His ridiculous average of 179.5 with the bat is the best in the tournament by more than 100 and his strike-rate of 174.27 is only behind Colin Munro and Rilee Rossouw among batsmen with more than 200 runs.
That is the very definition of match-winning performances in modern cricket. Imad also has the second-most wickets for Karachi and only five bowlers in the entire league have taken more wickets at a better economy than Imad.
Imad, Amir, Wasim Akram, and whoever else is involved in the Kings’ decision-making can point to these facts to back what they had said and done before the tournament. Babar’s strike-rate of 118.68 last year was simply not good enough and of the eight Karachi batsmen to play more than 50 balls this year, only Haider Ali has scored at a lower rate.
Like all of Karachi, Babar had a poor PSL7 and was rightly singled out for criticism as the side’s captain and best player. That the loudest criticisms came from within his own camp must have strung Babar that little bit more, but it was still valid criticism.
Karachi’s folly came not in criticising Babar but in doubting him. Babar’s strike-rate last year was poor, but his three strike-rates in the three campaigns before that read 115.51, 124.14, and 132.53 — a clear upwards trajectory. This year it has gone up to 146.47. It appears last year was an exception rather than the norm — something about class being permanent and what not.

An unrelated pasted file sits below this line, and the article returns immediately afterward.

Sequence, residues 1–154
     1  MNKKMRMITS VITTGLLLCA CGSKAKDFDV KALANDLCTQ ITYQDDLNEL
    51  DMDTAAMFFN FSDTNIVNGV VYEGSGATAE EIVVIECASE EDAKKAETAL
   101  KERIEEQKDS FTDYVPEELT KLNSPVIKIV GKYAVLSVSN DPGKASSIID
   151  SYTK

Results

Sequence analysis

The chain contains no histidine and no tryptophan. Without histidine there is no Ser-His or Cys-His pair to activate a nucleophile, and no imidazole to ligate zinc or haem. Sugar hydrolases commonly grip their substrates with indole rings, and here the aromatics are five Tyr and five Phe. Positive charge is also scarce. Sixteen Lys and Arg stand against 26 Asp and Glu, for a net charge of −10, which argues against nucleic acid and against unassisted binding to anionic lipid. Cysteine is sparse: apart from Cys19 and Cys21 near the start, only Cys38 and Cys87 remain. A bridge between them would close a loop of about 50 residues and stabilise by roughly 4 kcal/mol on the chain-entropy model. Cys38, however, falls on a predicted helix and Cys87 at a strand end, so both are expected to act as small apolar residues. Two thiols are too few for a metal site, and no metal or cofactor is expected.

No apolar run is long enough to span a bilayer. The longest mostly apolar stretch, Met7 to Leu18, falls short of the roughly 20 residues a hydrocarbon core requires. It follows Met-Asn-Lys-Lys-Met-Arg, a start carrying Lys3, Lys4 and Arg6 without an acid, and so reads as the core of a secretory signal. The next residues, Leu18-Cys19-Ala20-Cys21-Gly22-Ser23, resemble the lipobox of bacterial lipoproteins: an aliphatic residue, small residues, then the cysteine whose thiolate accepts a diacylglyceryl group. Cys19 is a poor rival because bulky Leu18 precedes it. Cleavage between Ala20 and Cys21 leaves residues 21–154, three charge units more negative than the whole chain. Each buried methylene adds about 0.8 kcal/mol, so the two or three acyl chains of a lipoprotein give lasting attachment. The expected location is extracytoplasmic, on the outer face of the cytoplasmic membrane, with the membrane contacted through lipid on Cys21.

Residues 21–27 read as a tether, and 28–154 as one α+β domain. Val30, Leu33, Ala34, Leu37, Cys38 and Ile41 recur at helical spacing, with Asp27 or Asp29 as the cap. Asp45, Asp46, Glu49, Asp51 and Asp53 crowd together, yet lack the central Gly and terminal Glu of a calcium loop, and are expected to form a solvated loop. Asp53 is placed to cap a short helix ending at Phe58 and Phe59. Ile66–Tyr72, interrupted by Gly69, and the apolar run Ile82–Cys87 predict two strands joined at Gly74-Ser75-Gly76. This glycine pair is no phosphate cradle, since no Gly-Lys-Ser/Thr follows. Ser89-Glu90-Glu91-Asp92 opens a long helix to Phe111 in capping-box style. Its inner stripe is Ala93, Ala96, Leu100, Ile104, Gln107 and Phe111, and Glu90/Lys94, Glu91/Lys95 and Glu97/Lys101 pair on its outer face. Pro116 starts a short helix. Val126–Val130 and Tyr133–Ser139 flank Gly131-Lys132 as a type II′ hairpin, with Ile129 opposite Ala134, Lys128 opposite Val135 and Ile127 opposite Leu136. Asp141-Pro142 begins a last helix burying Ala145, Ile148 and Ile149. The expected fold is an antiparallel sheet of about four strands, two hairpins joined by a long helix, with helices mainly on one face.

Since that duck against Karachi, Babar has gone about fixing things, scoring 50, 115 and 73 in three innings at a strike-rate of over 164. He is now breathing down Muhammad Rizwan’s neck for the top-scorer cap.
Babar has inspired Peshawar to back-to-back record scores of 240 or more, making Peshawar the tournament’s leading-run scorers. His side are playing genuinely attacking front-foot cricket with the bat, even if Babar will want to ignore the hilarious aberration that his side lost both those games.
The Pakistan captain has surrounded himself with three genuinely exciting Pakistani batsmen in Saim Ayub, Haseebullah, and Muhammad Harris. Their ages and strike-rates read: 169.78 and 20 for Saim Ayub, 160.46 and 19 for Haseebullah, and 194.87 and 21 for Harris.
It bodes well that the country’s best player has taken three of the nation’s finest under his wing — a 28-year-old mama bear nurturing the next line of cubs. Almost as if he is determined to do the exact opposite of everything being done by Karachi Kings, the league’s oldest squad who managed to waste the supreme talents of 20-year-old Qasim Akram this year.
Kings’ verbal digressions have clearly lit a fire under Babar, and men do great and strange things when they are burning from the inside.
Nothing highlights that better than the premediated paddle sweep Babar tried against Multan. Babar may be the best conventional batsman in the world, but he still cannot clear boundaries in all directions like AB de Villiers, Virat Kohli, and Surya Kumar Yadav can and could. Add that bow to his quiver and Babar can reach unprecedented heights the likes of which have never been seen before in limited-overs cricket.
The Kings think-tank were right — Babar could and should do better than playing at a strike of 118 like he did last year. It seems that Babar agrees with them and is hell bent on proving so. Amir, Imad, and Wasim Akram can now say perhaps history’s least satisfying “I told you so”.
The author is a freelance journalist